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  22. pweis909

    pweis909 Poo-Bah (1,910) Aug 13, 2005 Wisconsin
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    One other piece of advice for @Jasonja1474 comes to mind.The bugs in this blend may break down carbohydrates that Saccharomyces strains ignore. This will add to the carbonation of beers that have several months to bottle condition. You may want to aim low with priming calculator CO2 level to compensate. My own experience is that, over time, bug beers tend to carb up to the point in which they may gush if I open them unchilled. I never had a bottle bomb, but like I suggested, I prime on the low side with them as a matter of caution. Unfortunately, I don't know of any tools for homebrewers to really dial in the carb level of beers with Brett.
     
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  23. VikeMan

    VikeMan Poo-Bah (1,948) Jul 12, 2009 Pennsylvania
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    As @OddNotion said, don't wing it. I would say never wing priming sugar.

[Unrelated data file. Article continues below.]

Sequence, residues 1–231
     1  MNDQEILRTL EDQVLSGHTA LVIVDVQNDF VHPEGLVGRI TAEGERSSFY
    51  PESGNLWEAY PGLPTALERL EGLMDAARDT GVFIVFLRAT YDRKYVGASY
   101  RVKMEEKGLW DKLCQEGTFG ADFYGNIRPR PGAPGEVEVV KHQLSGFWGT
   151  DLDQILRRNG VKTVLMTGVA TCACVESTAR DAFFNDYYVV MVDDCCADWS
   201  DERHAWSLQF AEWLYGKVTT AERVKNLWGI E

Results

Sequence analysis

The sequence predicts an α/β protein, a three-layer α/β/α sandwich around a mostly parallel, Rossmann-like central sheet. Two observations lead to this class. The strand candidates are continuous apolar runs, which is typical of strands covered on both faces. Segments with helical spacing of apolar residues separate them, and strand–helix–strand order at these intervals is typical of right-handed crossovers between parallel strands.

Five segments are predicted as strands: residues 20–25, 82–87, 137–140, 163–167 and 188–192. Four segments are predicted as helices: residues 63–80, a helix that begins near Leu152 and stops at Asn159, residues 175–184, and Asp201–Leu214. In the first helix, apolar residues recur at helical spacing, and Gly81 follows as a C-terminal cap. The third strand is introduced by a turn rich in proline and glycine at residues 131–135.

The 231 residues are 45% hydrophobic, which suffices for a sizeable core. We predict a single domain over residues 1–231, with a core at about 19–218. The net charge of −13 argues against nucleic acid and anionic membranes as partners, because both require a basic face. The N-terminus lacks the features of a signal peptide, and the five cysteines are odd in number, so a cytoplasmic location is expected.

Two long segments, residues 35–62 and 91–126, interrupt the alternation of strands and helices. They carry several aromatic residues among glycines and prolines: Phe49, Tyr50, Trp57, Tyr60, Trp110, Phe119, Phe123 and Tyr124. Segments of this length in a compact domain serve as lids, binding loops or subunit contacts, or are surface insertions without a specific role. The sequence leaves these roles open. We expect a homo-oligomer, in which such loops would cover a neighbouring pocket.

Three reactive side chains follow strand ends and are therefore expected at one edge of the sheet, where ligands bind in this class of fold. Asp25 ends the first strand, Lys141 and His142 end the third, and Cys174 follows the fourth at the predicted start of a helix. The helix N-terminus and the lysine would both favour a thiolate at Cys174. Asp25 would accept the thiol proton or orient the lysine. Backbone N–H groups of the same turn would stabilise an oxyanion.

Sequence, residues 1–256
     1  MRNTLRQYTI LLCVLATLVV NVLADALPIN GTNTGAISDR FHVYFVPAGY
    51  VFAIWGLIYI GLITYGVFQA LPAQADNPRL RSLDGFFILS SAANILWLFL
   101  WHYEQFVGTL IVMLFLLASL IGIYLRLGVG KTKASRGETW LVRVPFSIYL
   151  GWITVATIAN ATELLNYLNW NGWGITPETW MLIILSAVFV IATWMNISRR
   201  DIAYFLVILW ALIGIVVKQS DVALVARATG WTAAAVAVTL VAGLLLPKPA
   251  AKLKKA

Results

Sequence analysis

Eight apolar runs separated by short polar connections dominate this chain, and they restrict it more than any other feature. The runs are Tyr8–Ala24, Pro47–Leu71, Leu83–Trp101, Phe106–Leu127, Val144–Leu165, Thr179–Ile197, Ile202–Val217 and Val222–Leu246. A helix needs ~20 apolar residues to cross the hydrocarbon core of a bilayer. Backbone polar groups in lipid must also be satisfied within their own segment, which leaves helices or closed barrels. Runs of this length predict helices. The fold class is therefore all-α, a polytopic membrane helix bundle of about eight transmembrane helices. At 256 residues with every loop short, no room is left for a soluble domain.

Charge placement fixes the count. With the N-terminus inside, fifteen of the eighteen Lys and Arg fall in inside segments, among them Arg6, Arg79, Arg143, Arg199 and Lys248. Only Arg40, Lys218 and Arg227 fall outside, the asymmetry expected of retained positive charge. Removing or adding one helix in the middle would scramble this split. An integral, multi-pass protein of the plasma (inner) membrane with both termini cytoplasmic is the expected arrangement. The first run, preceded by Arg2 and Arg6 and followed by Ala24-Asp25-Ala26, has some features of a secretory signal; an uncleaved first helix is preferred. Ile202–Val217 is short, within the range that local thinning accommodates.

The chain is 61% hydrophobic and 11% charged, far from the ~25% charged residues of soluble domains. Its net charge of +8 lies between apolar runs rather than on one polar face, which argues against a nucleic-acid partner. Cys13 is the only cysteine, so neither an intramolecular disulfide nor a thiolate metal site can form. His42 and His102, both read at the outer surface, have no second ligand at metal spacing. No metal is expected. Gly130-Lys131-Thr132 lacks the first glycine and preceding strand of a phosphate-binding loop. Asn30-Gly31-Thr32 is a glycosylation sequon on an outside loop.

If you want to use sugar cubes, you can determine what they'll do for you using carbonation calculators like the one @pweis909 linked. Assuming you're using Domino Dots (which weigh about 2.3 grams each), 12 oz bottles, and residual CO2 from a 68F fermentation, one dot per bottle would get you about 2.5 volumes of CO2. Two dots per bottle would get you about 4.1 volumes of CO2, which is really too high for most styles and possibly dangerous for typical bottles.
     
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  24. wasatchback

    wasatchback Disciple (371) Jan 12, 2014 Bahamas
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    There is a priming calculator on Brewers Friend. There’s also a spreadsheet you can find online for blending and packaging aged beer.

    You’re going to need to re-yeast as well. Champagne yeast is the easiest option.

    I would never use normal bottles with mixed ferm beers. Heavy glass is a must.

    If there is no diastaticus Sacch present, at least in my personal experience, Brett won’t take the beer much below 1.004.
     
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  25. riptorn

    riptorn Disciple (381) Apr 26, 2018 North Carolina
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    @Jasonja1474 the conversation around carbonation reminded me of one of your posts in another thread.

    Inquiring purely in the interest of safety:
    Is the "already carbed" part a reference to the residual CO2 that's a byproduct of primary fermentation? Or maybe it's a reference to the minimal amount of CO2 that might have been picked up by the beer during a pressure transfer? Or .....??